CALLING each other names seems to he a popular sport among amateur photographers. Our recent suggestion that it would be a good thing to find a short, descriptive name for camera fans loosed a flood of letters, some of which you will find among this month’s “Letters to the Editor” on page 60.
The enormous volume of mail which reaches this office daily necessitates our making definite regulations regarding material submitted to POPULAR PHOTOGRAPHY. Contributors must enclose adequate return postage with their manuscripts and pictures.
TEN people stare tensely at a table less than forty inches square. It is set out with a silver tray of Fourth of July canapes and crystal glasses filled with golden punch. Olives and pimentoes decorate the toothsome tidbits with gay firecracker motifs.
WHILE outdoor photography with Regular Kodachrome is a fascinating hobby, color work reaches its artistic peak indoors, where the photographer has complete control of his backgrounds, quality of light, light arrangement and light intensity, and in addition can facilitate his color compositions by the use of colored lights as well as colored subjects.
THE YEAR is 1909. The scene is a small town in Pennsylvania. A boy stands before a drugstore window, his eyes shining. For there, amidst all the bottles and gaily-colored boxes, is a camera. A beauty, the boy thinks, and obviously worth every cent of the $1.25 for which it can be purchased.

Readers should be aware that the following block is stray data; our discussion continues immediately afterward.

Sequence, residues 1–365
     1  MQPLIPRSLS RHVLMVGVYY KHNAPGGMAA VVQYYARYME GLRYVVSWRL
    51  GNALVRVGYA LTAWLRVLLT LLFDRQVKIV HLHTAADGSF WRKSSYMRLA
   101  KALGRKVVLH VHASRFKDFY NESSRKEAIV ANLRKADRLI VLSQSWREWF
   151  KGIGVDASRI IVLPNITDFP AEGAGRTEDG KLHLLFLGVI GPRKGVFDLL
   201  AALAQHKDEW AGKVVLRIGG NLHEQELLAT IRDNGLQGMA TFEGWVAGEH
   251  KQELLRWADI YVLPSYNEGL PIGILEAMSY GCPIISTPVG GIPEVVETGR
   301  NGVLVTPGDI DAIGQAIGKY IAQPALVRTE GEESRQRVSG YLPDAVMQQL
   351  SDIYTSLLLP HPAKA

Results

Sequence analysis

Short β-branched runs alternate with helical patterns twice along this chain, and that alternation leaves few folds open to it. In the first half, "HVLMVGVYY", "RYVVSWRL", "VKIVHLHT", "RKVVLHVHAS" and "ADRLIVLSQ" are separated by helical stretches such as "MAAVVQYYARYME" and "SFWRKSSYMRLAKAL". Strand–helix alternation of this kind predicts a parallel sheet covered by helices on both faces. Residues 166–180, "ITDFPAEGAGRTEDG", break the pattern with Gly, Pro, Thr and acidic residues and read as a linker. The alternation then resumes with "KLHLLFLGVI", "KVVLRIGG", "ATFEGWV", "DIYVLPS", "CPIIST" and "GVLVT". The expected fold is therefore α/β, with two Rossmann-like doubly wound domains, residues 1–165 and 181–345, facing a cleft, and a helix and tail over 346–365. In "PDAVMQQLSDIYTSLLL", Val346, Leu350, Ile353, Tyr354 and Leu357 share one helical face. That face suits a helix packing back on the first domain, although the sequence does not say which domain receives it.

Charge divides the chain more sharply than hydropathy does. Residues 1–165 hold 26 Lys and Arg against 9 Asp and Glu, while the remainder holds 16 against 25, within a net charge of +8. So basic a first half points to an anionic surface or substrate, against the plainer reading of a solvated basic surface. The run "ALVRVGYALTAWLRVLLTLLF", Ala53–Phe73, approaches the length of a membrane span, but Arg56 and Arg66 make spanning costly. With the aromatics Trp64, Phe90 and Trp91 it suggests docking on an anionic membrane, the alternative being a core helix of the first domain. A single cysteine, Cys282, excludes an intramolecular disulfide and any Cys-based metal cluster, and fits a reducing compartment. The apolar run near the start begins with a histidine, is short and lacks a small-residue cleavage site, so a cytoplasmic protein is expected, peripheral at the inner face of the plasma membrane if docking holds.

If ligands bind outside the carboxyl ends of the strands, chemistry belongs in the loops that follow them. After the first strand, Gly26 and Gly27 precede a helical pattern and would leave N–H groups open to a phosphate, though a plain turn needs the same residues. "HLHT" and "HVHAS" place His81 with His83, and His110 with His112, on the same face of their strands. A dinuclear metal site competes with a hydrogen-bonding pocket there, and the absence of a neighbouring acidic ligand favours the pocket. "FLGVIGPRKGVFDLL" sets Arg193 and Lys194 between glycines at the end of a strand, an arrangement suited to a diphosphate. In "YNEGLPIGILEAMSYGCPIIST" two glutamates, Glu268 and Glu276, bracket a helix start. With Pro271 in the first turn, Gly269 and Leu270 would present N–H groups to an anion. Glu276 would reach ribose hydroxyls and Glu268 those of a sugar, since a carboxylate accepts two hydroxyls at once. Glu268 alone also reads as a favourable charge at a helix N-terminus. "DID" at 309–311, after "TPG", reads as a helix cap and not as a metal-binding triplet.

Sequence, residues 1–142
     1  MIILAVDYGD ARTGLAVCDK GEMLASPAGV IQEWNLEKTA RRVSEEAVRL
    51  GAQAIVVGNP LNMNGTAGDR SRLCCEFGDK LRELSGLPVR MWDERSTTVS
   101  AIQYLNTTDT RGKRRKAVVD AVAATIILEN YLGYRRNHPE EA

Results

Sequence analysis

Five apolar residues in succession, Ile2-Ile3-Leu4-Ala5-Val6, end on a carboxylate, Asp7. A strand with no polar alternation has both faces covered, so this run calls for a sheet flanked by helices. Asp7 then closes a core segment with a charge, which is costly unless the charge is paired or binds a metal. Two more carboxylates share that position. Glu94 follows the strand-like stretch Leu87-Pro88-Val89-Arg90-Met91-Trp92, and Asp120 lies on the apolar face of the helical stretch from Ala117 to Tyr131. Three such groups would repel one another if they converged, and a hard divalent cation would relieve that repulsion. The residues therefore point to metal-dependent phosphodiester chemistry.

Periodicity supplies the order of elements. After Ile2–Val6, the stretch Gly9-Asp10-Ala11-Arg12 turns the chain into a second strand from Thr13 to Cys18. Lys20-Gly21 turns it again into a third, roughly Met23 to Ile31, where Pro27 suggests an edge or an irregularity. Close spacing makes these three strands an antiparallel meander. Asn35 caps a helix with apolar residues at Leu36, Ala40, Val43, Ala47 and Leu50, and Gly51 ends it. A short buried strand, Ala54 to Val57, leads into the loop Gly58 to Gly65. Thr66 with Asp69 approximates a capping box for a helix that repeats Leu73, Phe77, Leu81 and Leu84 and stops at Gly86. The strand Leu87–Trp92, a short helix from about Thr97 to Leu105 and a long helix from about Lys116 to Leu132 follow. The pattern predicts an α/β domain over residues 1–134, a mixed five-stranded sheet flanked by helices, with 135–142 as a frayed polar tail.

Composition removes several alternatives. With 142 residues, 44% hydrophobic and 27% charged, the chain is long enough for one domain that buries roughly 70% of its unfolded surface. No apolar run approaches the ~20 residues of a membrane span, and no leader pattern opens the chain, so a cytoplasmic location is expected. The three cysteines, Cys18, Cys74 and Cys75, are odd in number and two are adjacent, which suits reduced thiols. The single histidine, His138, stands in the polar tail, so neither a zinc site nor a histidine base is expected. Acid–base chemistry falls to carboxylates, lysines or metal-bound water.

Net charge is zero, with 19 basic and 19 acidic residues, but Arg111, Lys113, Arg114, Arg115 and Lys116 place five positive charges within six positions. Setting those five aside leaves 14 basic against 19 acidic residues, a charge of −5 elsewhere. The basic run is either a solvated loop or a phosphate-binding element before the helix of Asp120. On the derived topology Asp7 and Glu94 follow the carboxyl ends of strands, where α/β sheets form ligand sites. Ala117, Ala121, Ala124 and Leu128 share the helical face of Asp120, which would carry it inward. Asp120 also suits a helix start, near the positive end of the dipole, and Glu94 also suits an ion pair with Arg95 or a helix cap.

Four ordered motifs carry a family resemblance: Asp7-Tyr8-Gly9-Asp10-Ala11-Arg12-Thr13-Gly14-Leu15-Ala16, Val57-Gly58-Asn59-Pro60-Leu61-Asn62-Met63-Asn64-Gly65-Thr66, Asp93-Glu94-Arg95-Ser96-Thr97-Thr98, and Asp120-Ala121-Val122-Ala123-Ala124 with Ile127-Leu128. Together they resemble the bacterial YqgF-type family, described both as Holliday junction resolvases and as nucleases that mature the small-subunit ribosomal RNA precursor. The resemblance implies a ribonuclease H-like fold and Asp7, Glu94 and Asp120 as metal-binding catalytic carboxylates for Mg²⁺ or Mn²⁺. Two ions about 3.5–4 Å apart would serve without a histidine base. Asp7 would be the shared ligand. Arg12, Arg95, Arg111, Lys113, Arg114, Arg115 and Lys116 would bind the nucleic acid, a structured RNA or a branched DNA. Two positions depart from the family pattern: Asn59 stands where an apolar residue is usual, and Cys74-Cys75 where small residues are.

HOW would you like to take pictures with fingers that are numbed with cold, even through thick mittens; looking through goggles that are almost opaque with frost; breathing an atmosphere so thin that the head aches abominably, lungs expand painfully, and vision, movements, and perceptions are dimmed by lack of oxygen.
PHOTOGRAPHY is playing an important part in preserving Uncle Sam’s diary, condensing it to a workable volume, and in making the many valuable documents and records readily available. The National Archives are not, as many people think, dead and musty records, of interest only because they are old and at one time significant.
ONE of the biggest thrills a medical student can experience is to watch a world-famous surgeon perform a delicate operation. Students of music sit spellbound as a top-rank concert artist holds forth on the stage. But what chance has the photographic addict to watch masters of the lens at work?
You'll enjoy the story of this capable woman who got into photography by accident and who shortly became second to none in taking pictures of the opposite sex.
How to Avoid Dull Spots on Glossy Prints
IT takes a woman to get a man. And it takes Carola Rust to turn out illustrations of men who look like characters from Dickens. You’ve seen the men Miss Rust has done for General Motors, Nucoa, Kreml, and Rheingold. The unforgettable pictures of working-men— and men who have no work—which she has turned out are making camera history.